As one of the posters in this thread that had more of a negative response to the OP, I would summarize my opinion like this:

            Talent + Chemistry = Ideal (duh)

            Talent alone = 2nd choice, since chemistry can be worked on (no knuckleheads, please)

            Chemistry alone = 3rd choice, since losing together is still losing


            I just didn't like how the OP and its supporters seemed to give too much weight to the impact of chemistry, to the point that it seemed valued even beyond talent. I never questioned the importance of chemistry/fit/balance/knowing your role, but only if the team (recognizing that sometimes the whole is greater than the sum of its parts) is talented enough to be (or become) legitimately competitive for an NBA championship.

            I don't think the current Raptors roster is that talented, so improving the overall talent should still be MU's top priority. Obviously incorporating internal growth, chemistry, fit, balance and clearly defined (and accepted) roles, should go hand-in-hand with talent acquisition and development. It was just the idea that the current roster should be left as is, simply because of the positive chemistry they have (despite being a mid-tier team at best), that I failed to understand or agree with.
            Everyone in the NBA has "talent." Obviously some are more talented than others (which you usually see earlier in drafts as they get drafted earlier because of their talent/potential/upside). NOBODY is saying to leave the team as is. I think we all accept that there must be some changes (for example Salmons/Byucks/Stone/Hayes/Novak could all be replaced and no one would really care NOR do i think it would destroy the team chemistry).

            I think the discussion was reflecting on what happened to the Pacers (same team went from #1 contender to struggling to hold on to the top spot and then struggling to defeat the #8th seed). They won 6 out of their final 15 regular season games. Their chemistry obviously took a big hit and they reportedly had locker room issues after the trade with Philadelphia.

            I personally think your 3rd choice above is just ridiculous as we know that most if not everyone in the NBA has talent. I don't think a 3rd choice actually really exists. So therefore i would pick number one. Talent + Chemistry/Fit is VERY important to successful teams. I actually think this Raptors team has a lot of talent (Lowry, Demar, TRoss, JV, Amir, GV, Patterson are all talented players in my opinion).....but obviously that's just my opinion and your entitled to yours.

            Would i like to add to the talent of this team? (YES). Should we bring in talent that could mess with the current team chemistry/identity? (NO). I think most posters may agree or disagree, but would understand the logic.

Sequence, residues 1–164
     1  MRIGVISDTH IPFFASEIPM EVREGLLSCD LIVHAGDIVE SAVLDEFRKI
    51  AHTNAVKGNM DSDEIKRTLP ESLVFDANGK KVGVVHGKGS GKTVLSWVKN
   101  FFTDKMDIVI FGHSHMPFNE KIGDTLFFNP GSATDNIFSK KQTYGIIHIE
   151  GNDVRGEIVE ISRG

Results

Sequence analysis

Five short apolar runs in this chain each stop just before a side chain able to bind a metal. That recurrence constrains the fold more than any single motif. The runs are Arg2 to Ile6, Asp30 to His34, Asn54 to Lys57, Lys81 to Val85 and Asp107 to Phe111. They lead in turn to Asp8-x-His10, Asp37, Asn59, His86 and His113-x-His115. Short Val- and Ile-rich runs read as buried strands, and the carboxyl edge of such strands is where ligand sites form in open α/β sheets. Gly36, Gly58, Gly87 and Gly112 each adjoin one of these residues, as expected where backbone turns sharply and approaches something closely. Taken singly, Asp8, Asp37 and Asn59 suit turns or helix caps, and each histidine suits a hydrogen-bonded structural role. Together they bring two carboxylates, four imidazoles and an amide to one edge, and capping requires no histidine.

Last edited by special1; Thu Jun 5th, 2014, 05:00 PM.

            Comment


            • #51
              special1 wrote: View Post
              Everyone in the NBA has "talent." Obviously some are more talented than others (which you usually see earlier in drafts as they get drafted earlier because of their talent/potential/upside). NOBODY is saying to leave the team as is. I think we all accept that there must be some changes (for example Salmons/Byucks/Stone/Hayes/Novak could all be replaced and no one would really care NOR do i think it would destroy the team chemistry).

              I think the discussion was reflecting on what happened to the Pacers (same team went from #1 contender to struggling to hold on to the top spot and then struggling to defeat the #8th seed). They won 6 out of their final 15 regular season games. Their chemistry obviously took a big hit and they reportedly had locker room issues after the trade with Philadelphia.

              I personally think your 3rd choice above is just ridiculous as we know that most if not everyone in the NBA has talent. I don't think a 3rd choice actually really exists. So therefore i would pick number one. Talent + Chemistry/Fit is VERY important to successful teams. I actually think this Raptors team has a lot of talent (Lowry, Demar, TRoss, JV, Amir, GV, Patterson are all talented players in my opinion).....but obviously that's just my opinion and your entitled to yours.

              Would i like to add to the talent of this team? (YES). Should we bring in talent that could mess with the current team chemistry/identity? (NO). I think most posters may agree or disagree, but would understand the logic.
              Well the OP was suggesting the core be left intact, which I took to mean the primary 10 rotation players (at least the main 7-8). I think that would be a terrible mistake. Obviously the current core players have talent, but I don't believe they are talented enough to be (or become) more than a 2nd round playoff team, which is why I would argue that the overall talent level of the core roster needs to be upgraded.

              Everybody seems to be in agreement that chemistry is an integral part of successful team building.